Kentucky Mom, Who Smuggled Heroin To Daughter In Jail, Sentenced To Federal Prison

A Crittenden, Kentucky, mother, responsible for her daughter's death after smuggling heroin to her in jail, was sentenced to close to 19-years in federal prison on Thursday.

CBS Crimesider reports that Kimberly Mullins, 44, was convicted of charges of conspiracy to distribute fentanyl and morphine to an inmate, an inmate that happened to be her own daughter. Mullins admitted to sending heroin to her daughter, Jamie Green, 25, on a regular basis while Green was in jail.

Mullins also confessed that she bought a fentanyl and morphine mixture, under the impression that she was purchasing heroin. The lethal mixture was then smuggled in to Green.

On September 4, 2015, Green left the Campbell County Detention Center, where she was serving time on a probation violation, and transferred to the Kent County jail, into the women's general population. Within a day of transferring, she became extremely ill after taking a fentanyl-morphine concoction. Shortly after, she was taken to St. Elizabeth Healthcare, where she passed away.

Mullins is among four people accused and convicted of smuggling the concoction into the jail. Michael T. Howard, 41; Lynette D. Ball, 39; and Lisa D. Lattimore, 35, were all charged with providing the drug that ultimately killed Green. On November 4, all four were indicted after an investigation revealed they were involved in helping Green get the lethal concoction.

Two of the three additional suspects, Ball and Lattimore, have already been convicted and sentenced for taking part in a conspiracy to smuggle drugs to an inmate. Howard pleaded guilty earlier this year to selling drugs to Mullins, knowing that she could get the drugs to her daughter. He is awaiting sentencing.

While standing before U.S. District Court Judge Amul Thapar, Mullins broke down. She admitted she felt bad for everyone involved in the crime, but also acknowledged that nothing would bring her daughter back.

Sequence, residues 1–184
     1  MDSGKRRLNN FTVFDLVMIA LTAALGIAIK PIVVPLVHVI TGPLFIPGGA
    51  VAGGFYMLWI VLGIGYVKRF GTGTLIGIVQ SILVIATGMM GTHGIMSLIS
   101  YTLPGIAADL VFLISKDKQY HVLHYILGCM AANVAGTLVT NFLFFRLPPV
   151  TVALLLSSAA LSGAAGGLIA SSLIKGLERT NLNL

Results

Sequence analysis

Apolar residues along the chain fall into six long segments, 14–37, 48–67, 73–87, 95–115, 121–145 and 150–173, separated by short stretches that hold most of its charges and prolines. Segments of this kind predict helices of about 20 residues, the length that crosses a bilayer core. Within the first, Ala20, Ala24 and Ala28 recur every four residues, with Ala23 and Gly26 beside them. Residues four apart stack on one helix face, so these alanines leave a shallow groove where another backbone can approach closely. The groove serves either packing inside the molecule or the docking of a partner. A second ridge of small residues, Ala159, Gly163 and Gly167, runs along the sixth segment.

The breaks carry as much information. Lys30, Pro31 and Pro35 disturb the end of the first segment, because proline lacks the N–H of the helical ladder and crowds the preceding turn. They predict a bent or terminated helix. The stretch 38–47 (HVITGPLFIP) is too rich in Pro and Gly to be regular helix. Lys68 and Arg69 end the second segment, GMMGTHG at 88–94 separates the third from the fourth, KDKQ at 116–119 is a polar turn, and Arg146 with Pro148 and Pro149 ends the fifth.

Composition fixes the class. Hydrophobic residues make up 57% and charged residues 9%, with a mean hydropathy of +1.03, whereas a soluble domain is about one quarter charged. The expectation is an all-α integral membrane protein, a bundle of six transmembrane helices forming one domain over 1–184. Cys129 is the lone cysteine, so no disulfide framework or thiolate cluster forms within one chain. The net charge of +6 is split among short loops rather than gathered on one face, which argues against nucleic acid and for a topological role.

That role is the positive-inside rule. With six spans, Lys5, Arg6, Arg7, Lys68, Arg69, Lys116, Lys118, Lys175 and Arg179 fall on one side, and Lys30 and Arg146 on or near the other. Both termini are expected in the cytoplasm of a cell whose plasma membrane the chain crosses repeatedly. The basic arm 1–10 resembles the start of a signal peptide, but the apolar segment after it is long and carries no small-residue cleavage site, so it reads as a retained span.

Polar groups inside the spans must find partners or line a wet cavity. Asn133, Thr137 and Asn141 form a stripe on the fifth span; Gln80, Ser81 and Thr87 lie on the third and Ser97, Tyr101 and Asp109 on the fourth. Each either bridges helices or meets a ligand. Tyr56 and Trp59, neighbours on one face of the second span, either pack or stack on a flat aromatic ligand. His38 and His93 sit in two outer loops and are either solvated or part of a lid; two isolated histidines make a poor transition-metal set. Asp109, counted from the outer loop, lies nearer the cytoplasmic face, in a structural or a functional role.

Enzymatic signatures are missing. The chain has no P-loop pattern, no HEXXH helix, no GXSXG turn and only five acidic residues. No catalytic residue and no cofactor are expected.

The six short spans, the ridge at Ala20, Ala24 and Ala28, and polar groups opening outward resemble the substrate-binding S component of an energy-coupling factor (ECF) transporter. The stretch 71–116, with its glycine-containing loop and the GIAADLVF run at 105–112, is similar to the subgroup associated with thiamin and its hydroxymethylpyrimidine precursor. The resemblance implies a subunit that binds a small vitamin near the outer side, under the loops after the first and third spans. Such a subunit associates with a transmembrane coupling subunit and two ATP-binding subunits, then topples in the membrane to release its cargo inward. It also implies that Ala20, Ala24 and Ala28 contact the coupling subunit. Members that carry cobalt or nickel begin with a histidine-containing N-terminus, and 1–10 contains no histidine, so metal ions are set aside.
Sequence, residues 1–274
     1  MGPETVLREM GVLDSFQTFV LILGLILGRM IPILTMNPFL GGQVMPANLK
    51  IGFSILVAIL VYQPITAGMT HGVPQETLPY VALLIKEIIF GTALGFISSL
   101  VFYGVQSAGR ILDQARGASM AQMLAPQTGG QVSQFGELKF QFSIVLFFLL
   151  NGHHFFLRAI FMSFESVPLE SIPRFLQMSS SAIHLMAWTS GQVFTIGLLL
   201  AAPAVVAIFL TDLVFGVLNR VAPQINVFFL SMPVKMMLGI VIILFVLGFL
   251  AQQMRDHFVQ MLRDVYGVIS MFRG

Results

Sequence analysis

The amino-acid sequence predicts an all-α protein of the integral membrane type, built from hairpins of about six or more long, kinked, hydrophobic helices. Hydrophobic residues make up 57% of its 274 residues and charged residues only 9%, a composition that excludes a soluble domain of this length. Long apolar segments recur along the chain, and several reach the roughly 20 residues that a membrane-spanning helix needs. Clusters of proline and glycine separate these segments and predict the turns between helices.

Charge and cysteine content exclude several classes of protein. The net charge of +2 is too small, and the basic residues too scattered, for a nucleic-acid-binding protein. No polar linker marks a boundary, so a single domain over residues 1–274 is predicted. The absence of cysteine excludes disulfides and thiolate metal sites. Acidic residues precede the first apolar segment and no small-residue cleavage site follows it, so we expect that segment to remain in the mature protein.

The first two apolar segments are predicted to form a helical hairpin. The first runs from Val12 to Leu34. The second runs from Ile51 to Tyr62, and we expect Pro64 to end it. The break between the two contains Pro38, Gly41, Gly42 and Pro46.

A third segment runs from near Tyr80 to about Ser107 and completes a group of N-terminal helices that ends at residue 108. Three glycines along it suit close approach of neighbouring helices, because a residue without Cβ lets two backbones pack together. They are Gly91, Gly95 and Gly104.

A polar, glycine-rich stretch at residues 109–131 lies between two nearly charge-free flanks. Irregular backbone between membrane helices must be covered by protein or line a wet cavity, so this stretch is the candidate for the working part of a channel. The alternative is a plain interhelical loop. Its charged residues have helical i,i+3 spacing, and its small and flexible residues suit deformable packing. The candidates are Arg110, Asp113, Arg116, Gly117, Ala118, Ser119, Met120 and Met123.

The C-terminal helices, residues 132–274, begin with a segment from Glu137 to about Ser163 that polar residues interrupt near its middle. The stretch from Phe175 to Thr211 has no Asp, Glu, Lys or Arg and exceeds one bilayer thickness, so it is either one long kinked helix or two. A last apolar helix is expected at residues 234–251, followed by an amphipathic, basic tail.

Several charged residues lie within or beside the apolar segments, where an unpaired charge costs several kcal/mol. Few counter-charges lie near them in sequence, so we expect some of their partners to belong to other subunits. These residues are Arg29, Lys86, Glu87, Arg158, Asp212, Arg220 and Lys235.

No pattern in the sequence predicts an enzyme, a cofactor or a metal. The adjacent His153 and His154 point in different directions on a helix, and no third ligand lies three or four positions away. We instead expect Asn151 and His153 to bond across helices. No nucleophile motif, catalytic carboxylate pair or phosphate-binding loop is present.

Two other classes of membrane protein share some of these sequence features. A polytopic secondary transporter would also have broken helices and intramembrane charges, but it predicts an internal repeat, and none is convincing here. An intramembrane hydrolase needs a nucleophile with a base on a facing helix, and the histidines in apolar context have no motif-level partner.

"I'm sorry and I feel that everybody's suffering in this situation. It's not going to get my daughter back."
Judge Thapar admitted that he himself struggled over the case, especially after Mullins provided a written statement to the court, asking to be treated as a human and not a number.
"I can't lose sight that Ms. Green wanted also wanted to be treated as a person, not a number. I've never seen a drug penetrating in so deep. You have mothers and daughters sitting next to each other, using drugs."
Mullins' lawyer, David Fessler, indicated that his client was remorseful from the beginning. She told him she wished she could trade places with her daughter.
"She said, 'Just get me out of Kenton County. I'm in a place where I caused my daughter to die.'"
Mullins also had the support of her son, Joseph Hopper, while she went through sentencing. Hopper, currently in a Kentucky prison, wrote a character letter on his mother's behalf, asking the judge to understand how powerful a drug addiction can be.

"(She) is a human like all of us... a daughter, sister, friend, mother. Addiction comes in all shapes and forms. It doesn't discriminate. I don't (think) it's right to justify one addiction over another. An addiction is an addiction no matter."

Regardless, Mullins' past run-ins with authorities and previous convictions were something that Thapar couldn't overlook. In fact, Thapar noted that it was Mullins, who more than likely played the largest part in getting her daughter hooked on heroin in the first place, given the mother's lengthy history of addiction problems.

"Not only did Ms. Mullins get her daughter heroin on multiple occasions, she used drugs with her (daughter.) Her daughter was never dealt a fair hand."

Mullins lost custody of her daughter when Green was just an infant. They reconnected when Green was an adult, and that's when Green's heroin addiction started. During childhood, Green bounced between relatives' homes. Her father overdosed when she was just an 11-year-old. Her aunt, Rachel Riffle O'Hara, took Green in a few times. Green would eventually call O'Hara "mom," even though she longed to establish a relationship with her biological mother.

Green left behind two young children. While O'Hara took in one of the children, the other one is living with another relative, Candace Brewer. The probability of the children seeing their grandmother in prison isn't likely. According to O'Hara, they all just want to move on.

"I'm just ready to close the door. It's over."
The Kentucky mom will spend the next 18.6 years in prison. She must serve at least 85 percent of her sentence before she's eligible for parole.

[Photo by Campbell County Sheriff's Office]